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4.8.2008 Risks involved in mountain climbing

There are 14 over 8000m mountains in the world and all of them have been ascended both with and without supplementary oxygen. The conditions in those altitudes are, however, approaching the human limits. Even though well acclimatized climbers manage to operate in these conditions a short period of time the low atmospheric pressure and lack of oxygen will eventually lead to both physical and psychologic problems. The biggest problems are hypothermia, dehydration, low humidity and lack of oxygen.

Mountain climbing is risky, but with proper attitude and safety culture the risks can be reduced considerably. All accidents, starting from traffic accident during approach to a collapse of serac cannot be always predicted. Therefore the ascents of Mount Everest done prior to 1990 were deemed dangerous. Until then 37% of the summited climbers died. Since then, due to the improved oxygen apparatus, climbing techniques and better equipment, the risk has gone down to 4.4%. If all ascents until 2003 are taken into account (1925 ascents) the fatality rate has been 9.3% (179 dead climbers). As of today there are probably more than 2500 summited climbers. Major accidents have been rather scarce, 1996 in Mount Everest and now in K2. The statistics show that the world?s third highest mountain, Kachejunga (8584m) is the most dangerous. There are 185 summited climbers and 40 fatalities. Until 1990 the mortality rate was 22%. After that out of 81 summiteers 18 has died, again mortality rate of 22%. This shows that improved equipment and climbing techniques have not helped the climbers in Kachejunga at all. The mortality rate in K2 has been assumed being high and yes, it has been high. All in all 198 summiteers and 53 fatalities gives mortality rate of 27%. Until 1990 the mortality rate was 40% but has been declining since very strongly. Between 1990-2003 K2 was summited 132 times and 26 people died during the descent giving mortality rate of 19.7%. That is clearly more than in Mount Everest but less than in Kachejunga.

The climber who ascends to any of these over 8000m mountains without supplementary oxygen has clearly higher risk than a climber with supplementary oxygen. E.g. every fifth summiteer without supplementary oxygen in K2 has died during the descent. Usually only the most experienced climbers do decide to summit without supplementary oxygen and they do have a support of a big expedition with number of porters, guides and oxygen to be used in case of emergency. Therefore we can assume that climbing without supplementary oxygen would be even more risky in smaller expeditions without these extra reserves. The most usual cause of death in these mountains is probably a fall. But deaths due to exhaustion, dehydration and frostbite do also occur and these occurring before a fatal fall is difficult to estimate. And even though a climber is well acclimatized a hard physical exhortion can lead to acute mountain sickness and pulmonary edema.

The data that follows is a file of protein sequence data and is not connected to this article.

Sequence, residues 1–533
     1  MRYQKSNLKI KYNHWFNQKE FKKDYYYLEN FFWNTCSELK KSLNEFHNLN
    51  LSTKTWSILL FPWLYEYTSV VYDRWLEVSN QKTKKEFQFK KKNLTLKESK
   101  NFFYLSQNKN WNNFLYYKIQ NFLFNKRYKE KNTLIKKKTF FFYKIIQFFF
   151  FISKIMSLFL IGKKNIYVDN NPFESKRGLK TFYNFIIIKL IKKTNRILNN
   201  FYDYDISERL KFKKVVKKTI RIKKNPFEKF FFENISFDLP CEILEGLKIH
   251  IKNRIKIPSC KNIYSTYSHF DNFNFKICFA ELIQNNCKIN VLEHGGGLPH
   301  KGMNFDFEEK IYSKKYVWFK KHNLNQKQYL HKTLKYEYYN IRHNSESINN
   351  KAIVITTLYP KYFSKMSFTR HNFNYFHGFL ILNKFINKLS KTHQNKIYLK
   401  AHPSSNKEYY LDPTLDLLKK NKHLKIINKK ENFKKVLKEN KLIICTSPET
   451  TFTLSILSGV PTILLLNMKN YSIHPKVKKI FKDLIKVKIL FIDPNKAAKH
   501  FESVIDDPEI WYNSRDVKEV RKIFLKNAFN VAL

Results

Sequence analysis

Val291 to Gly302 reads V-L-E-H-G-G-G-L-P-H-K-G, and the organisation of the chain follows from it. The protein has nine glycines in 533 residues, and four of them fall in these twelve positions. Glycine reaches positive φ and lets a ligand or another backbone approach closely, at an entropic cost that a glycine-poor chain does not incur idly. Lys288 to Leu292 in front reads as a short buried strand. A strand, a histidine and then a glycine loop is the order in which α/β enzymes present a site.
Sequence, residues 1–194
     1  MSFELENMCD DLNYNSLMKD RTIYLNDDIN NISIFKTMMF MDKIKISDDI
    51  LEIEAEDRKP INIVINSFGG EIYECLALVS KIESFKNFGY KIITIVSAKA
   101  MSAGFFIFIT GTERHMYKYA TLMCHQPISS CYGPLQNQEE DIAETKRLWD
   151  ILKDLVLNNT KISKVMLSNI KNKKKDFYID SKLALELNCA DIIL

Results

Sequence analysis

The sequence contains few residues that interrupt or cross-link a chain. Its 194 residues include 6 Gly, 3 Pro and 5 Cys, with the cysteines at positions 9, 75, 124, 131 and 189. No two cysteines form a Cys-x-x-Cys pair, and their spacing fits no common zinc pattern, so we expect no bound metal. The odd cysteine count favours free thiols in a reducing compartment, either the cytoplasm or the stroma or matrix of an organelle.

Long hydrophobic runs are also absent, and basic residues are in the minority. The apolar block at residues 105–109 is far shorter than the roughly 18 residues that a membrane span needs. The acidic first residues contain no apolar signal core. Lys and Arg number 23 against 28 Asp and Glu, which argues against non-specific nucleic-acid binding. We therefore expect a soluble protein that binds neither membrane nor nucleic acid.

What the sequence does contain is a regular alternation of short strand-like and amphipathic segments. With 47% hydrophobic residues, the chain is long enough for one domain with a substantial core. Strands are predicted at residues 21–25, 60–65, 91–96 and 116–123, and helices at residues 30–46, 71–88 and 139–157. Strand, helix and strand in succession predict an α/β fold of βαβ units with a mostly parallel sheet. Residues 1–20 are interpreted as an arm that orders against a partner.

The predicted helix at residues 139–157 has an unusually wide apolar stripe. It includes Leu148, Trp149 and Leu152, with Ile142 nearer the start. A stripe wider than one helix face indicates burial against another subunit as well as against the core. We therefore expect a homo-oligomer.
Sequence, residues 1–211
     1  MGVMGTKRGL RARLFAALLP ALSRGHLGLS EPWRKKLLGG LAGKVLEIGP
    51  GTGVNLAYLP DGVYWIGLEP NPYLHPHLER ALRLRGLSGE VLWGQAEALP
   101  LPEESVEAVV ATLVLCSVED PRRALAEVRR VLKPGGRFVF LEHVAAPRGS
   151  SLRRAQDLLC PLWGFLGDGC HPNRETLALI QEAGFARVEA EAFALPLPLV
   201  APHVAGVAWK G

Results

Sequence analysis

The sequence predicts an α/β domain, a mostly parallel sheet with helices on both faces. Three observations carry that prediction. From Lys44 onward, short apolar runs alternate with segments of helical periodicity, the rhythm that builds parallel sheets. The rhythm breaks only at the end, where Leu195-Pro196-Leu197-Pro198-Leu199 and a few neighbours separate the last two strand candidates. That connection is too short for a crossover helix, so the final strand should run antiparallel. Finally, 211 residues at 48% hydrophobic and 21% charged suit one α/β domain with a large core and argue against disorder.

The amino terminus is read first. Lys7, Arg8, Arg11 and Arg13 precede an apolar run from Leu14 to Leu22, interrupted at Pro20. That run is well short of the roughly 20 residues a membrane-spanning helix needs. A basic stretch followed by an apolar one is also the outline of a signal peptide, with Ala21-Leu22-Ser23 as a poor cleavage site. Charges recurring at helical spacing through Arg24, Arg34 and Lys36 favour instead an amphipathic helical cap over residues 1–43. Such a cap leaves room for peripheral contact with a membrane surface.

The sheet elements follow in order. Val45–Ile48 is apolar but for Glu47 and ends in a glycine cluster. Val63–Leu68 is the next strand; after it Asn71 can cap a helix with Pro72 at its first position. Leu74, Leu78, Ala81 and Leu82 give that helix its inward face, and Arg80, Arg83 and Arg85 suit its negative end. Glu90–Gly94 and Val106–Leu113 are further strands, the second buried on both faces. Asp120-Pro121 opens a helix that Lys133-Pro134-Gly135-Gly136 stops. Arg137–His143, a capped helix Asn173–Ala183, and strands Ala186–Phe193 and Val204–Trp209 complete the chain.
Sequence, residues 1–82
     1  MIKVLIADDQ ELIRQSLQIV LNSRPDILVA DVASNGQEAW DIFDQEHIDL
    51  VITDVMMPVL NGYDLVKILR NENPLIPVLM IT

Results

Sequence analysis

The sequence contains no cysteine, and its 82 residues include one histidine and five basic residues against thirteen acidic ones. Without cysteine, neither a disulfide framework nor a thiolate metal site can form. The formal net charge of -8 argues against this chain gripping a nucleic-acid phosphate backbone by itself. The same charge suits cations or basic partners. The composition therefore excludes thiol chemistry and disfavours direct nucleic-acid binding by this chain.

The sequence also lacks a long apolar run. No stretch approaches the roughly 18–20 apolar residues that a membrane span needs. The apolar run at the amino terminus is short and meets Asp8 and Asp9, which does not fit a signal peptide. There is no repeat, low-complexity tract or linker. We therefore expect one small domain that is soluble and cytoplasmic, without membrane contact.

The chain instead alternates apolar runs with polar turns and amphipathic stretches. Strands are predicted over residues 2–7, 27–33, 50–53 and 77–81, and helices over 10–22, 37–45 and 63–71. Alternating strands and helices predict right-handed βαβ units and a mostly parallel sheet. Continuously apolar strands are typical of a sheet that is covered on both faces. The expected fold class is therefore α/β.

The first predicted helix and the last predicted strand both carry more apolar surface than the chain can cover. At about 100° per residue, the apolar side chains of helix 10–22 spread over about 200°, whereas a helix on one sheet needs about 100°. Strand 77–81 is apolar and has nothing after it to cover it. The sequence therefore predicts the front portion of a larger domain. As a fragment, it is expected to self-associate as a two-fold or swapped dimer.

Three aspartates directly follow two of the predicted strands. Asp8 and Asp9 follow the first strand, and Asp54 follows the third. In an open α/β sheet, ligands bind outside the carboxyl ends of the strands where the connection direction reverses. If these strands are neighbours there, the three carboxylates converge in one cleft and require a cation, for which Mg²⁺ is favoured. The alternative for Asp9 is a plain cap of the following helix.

Even though you cannot accurately predict a collapse of a serac a good climbing technique, calm and analytic thinking, acknowledging the risks, knowing, accepting and respecting own limits can help to manage and overcome even invincible risks.

The Airborne Ranger Club of Finland Everest expedition tries to take into account this kind of risks and acting accordingly while preparing for the spring 2009. E.g. we have chosen to use the North Ridge route starting from Tibet. There we have to travel in a glacier at the heights of 5000-6400 meters without a need to cross such dangerous and unstabile serac areas as Khumbu ice fall in the normal route in Nepal side. And from 7000m onwards the route follows rock formations which do not have glacier problems like crevasses or seracs. The ascend to North Col will be done via a ice and snow wall but we aim on using lines that are known to be as safe as possible. Eventually we will make the decisions to push forward based on our own experience and the information gathered from other expeditions in the area.

The expedition doctor, Heikki Karinen